With the increased popularity from For the Black Boys, which originated at Royal Court and exploded into the theatre scene, it is great that the baton is continued with another play based on black culture and even more emphasis on its queer community.
BLACK SUPERHERO is the story of David; struggling with his past, present and future, a life of drugs, drink and sense of being unsuccessful, he is also in love with his friend who happens to be a famous acting superhero. We see David struggle with his unrequited love, of forces dragging him back to his vices and the memories of a not so idyllic childhood that his sister encountered. Life is passing him by, and so is everyone else.
True Royal Court style, the set is ambiguous and futuristic – there is a sense of something you may see in a Marvel movie; the Superhero’s secret hideout, or even the villain’s lair, with the set almost cutting away to reveal new scenes. This is emphasised with moments of David’s imagination, when he pictures his love interest in his starring role, flying down into the set in his tights and mask. There’s the constant feeling of displacement but also familiarity; where you can set this play at any time or any place. However, with the themes of race and queerness, we can only hope that societal discrimination is improved if the production were to be staged again in the future and therefore not so realistic.
Each character is fully formed and naturalistic – they all have their own quirks and opinions, but none are stereotypical. This is a great and very real approach and especially opens up the cultural themes for anyone who doesn’t sit within the black or queer communities. All the performers bounce off each other, and so their relationships feel fully realised and real. We believe in David’s past and his trauma; we believe in his and his sister’s relationship and we believe in the heartbreak that comes along with the story. We very much feel as if we are walking into these rooms, breaking down the wall and intruding into life.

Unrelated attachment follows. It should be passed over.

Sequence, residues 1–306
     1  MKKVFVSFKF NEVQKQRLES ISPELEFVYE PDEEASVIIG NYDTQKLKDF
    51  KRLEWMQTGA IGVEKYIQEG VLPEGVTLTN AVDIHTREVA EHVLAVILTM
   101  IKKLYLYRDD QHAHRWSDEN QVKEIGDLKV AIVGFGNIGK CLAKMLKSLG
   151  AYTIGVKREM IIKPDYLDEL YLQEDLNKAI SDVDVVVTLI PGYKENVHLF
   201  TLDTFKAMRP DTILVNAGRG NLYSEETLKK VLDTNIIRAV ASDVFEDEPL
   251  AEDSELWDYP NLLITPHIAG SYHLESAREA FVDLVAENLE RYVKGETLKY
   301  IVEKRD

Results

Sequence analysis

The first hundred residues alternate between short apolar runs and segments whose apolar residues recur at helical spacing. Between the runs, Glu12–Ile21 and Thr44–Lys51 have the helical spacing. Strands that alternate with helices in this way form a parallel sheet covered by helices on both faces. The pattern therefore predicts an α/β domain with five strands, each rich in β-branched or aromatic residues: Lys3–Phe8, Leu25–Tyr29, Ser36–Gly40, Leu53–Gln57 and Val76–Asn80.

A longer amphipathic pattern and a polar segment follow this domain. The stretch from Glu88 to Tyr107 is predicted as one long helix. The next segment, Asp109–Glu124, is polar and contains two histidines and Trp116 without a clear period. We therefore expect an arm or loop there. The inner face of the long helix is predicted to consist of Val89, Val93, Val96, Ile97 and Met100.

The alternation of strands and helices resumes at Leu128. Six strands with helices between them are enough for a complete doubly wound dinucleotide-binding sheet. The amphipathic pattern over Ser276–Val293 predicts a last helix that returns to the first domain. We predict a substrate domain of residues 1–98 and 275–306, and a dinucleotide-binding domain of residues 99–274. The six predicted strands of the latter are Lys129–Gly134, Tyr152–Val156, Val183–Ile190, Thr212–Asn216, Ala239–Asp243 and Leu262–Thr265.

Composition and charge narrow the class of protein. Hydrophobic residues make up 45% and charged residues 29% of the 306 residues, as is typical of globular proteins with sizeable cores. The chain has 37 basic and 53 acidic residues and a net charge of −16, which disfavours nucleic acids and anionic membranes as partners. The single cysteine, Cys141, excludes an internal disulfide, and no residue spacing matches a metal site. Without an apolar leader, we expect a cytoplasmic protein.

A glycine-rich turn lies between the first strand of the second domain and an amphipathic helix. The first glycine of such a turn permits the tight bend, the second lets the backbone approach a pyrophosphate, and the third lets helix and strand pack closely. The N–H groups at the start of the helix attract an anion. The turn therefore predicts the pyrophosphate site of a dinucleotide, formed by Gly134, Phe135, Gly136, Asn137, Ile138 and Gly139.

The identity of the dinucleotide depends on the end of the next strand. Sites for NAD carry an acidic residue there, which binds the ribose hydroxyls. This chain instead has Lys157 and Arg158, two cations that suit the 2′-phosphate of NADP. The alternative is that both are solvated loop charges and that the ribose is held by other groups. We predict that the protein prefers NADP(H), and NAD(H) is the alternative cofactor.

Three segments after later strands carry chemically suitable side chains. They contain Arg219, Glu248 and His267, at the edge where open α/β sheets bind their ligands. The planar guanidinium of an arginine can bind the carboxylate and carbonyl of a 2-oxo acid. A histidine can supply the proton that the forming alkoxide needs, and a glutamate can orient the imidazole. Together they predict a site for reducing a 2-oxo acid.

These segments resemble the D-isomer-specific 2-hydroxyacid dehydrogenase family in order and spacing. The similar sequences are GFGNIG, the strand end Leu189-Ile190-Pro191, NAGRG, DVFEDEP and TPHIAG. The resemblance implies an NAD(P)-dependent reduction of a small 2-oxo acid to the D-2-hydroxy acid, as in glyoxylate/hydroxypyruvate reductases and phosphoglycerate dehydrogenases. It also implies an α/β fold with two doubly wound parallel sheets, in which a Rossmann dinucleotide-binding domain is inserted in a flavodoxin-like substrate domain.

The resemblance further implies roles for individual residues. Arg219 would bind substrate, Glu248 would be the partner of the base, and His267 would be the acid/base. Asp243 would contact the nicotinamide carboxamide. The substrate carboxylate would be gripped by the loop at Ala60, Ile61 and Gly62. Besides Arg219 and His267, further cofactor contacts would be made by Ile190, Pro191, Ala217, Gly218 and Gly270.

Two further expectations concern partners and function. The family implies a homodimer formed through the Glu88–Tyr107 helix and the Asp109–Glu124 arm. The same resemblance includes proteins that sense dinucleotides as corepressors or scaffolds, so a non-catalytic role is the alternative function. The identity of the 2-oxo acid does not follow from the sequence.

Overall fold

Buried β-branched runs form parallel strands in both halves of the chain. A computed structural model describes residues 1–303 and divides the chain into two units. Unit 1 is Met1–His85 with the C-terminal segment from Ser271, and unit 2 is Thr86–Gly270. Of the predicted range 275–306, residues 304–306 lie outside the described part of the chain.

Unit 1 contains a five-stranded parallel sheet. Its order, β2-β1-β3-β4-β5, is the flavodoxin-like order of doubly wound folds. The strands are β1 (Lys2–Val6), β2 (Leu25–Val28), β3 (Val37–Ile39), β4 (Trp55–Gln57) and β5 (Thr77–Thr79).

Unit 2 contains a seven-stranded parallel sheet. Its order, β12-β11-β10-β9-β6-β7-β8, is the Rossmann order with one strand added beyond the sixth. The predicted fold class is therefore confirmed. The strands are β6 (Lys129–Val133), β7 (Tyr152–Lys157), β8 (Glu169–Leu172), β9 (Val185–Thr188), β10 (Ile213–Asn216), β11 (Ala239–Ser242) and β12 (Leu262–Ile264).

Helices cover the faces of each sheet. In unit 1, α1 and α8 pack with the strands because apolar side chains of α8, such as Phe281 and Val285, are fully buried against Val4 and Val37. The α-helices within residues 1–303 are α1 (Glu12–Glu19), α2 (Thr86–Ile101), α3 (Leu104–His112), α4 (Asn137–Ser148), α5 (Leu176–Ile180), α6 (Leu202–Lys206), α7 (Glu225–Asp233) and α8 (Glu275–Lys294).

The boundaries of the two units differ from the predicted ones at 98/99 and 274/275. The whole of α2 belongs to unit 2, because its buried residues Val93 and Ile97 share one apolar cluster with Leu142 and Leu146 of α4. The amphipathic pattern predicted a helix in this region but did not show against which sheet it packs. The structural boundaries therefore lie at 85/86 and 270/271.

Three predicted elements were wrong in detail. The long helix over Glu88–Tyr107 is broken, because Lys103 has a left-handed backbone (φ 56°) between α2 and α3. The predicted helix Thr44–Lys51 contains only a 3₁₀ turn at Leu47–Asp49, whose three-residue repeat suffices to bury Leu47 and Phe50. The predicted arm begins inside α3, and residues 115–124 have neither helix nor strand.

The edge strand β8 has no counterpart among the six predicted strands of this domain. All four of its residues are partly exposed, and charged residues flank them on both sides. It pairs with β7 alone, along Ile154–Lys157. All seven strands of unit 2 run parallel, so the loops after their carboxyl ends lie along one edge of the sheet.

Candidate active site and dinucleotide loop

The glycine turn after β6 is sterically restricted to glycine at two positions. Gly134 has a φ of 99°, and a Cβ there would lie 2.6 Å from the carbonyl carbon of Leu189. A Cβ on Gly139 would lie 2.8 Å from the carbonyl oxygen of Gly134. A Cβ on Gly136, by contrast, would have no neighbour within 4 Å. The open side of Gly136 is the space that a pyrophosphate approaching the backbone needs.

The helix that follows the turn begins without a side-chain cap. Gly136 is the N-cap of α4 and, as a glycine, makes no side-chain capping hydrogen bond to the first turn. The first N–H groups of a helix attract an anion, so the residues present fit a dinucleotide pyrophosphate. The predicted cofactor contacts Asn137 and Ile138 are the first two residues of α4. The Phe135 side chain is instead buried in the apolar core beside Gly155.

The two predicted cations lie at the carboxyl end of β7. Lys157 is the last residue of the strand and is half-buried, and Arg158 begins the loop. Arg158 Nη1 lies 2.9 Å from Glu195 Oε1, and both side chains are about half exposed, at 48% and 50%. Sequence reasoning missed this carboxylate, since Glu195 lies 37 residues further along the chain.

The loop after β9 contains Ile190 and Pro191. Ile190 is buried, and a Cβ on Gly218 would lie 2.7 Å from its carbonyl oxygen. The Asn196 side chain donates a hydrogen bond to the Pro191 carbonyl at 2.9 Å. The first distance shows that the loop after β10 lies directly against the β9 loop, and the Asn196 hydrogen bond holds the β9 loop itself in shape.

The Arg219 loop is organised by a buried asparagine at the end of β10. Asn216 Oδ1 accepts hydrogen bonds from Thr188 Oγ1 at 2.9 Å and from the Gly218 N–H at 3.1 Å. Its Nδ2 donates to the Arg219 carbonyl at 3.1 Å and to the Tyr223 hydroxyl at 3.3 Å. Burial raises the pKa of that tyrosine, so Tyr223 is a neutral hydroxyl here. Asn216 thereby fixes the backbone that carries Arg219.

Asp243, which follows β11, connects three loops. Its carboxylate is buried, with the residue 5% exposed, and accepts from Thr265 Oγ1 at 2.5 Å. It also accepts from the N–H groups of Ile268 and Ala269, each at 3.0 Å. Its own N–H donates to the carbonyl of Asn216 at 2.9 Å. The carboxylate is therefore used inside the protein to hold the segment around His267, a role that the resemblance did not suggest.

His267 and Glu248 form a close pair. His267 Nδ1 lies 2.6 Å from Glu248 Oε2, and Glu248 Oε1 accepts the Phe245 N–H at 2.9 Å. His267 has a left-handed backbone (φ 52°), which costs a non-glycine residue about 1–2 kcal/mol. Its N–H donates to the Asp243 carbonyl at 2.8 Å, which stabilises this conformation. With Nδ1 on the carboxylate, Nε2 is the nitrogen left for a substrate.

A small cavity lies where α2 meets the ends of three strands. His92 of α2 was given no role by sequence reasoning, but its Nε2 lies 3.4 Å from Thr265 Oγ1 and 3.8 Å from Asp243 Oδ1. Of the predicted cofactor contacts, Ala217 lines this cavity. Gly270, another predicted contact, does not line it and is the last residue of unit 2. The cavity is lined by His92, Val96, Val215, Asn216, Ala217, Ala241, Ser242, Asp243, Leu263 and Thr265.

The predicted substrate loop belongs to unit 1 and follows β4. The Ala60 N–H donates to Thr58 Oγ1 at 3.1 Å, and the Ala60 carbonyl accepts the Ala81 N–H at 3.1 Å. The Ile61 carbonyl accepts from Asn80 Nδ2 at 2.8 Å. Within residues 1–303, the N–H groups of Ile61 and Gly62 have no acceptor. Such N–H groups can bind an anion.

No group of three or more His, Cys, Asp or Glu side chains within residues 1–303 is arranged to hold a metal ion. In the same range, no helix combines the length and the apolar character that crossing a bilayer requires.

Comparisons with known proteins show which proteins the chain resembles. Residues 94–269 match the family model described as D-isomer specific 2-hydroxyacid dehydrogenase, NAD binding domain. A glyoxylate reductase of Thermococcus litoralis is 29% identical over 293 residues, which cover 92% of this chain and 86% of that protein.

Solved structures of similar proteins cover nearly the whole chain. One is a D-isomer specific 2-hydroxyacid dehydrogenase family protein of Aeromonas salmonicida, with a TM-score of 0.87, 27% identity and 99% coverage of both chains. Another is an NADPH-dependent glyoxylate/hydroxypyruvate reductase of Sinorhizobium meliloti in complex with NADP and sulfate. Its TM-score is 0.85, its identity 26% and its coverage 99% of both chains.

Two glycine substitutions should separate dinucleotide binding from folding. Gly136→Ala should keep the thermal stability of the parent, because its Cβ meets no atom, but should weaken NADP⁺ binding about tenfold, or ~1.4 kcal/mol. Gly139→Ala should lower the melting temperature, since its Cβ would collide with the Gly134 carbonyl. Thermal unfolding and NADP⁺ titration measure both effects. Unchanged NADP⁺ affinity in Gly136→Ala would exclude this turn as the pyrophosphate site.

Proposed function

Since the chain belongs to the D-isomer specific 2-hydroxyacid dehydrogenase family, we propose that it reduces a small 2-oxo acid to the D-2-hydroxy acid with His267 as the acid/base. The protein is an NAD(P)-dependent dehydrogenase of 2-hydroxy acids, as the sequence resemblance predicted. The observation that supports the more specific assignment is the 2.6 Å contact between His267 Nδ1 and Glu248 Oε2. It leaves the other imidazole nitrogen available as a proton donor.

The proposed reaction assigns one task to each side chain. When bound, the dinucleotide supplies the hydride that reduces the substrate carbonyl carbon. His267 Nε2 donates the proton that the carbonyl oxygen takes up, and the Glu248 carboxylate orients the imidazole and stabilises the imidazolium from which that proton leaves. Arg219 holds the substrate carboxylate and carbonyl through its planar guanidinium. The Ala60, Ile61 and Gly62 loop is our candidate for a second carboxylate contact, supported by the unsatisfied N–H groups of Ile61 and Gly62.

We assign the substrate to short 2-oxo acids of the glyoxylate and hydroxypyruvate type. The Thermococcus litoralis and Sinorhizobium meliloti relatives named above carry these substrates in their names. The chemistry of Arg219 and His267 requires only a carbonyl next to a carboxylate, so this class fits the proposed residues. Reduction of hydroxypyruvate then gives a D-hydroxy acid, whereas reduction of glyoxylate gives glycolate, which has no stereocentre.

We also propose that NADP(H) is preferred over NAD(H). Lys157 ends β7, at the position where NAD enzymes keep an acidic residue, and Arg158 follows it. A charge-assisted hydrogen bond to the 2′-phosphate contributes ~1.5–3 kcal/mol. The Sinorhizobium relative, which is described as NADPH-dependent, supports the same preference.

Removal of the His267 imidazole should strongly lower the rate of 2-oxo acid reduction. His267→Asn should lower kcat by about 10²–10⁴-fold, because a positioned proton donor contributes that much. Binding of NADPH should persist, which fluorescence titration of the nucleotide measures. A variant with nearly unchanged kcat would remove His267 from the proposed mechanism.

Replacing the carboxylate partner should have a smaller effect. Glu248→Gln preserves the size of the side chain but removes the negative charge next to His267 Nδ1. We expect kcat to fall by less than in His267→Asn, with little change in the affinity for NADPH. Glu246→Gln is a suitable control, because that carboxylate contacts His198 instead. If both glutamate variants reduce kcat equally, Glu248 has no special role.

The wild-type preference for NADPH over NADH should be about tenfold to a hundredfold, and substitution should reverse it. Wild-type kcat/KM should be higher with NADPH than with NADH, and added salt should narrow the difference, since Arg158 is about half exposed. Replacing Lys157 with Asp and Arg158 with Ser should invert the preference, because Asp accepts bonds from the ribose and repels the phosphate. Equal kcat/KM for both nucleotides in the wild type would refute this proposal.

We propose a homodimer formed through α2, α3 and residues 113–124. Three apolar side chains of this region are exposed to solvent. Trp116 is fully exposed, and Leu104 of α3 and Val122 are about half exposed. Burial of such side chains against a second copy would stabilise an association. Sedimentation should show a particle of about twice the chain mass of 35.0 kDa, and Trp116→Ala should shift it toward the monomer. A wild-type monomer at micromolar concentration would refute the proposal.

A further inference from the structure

While a brilliant and emotional play, one that many can identify with on lots of different emotional and cultural levels, there felt a slight anti-climax with its narrative. Perhaps being so used to something happening in a crescendo or out of the blue at Royal Court that almost slaps you surprisingly in the face, this conclusion and tying up of relationships and issues felt perfectly normal and a “happy ending” many would wish to see. There’s nothing to say that this was wrong but for BLACK SUPERHERO, I very much wanted something more, whether that be narrative-ly or production value-wise.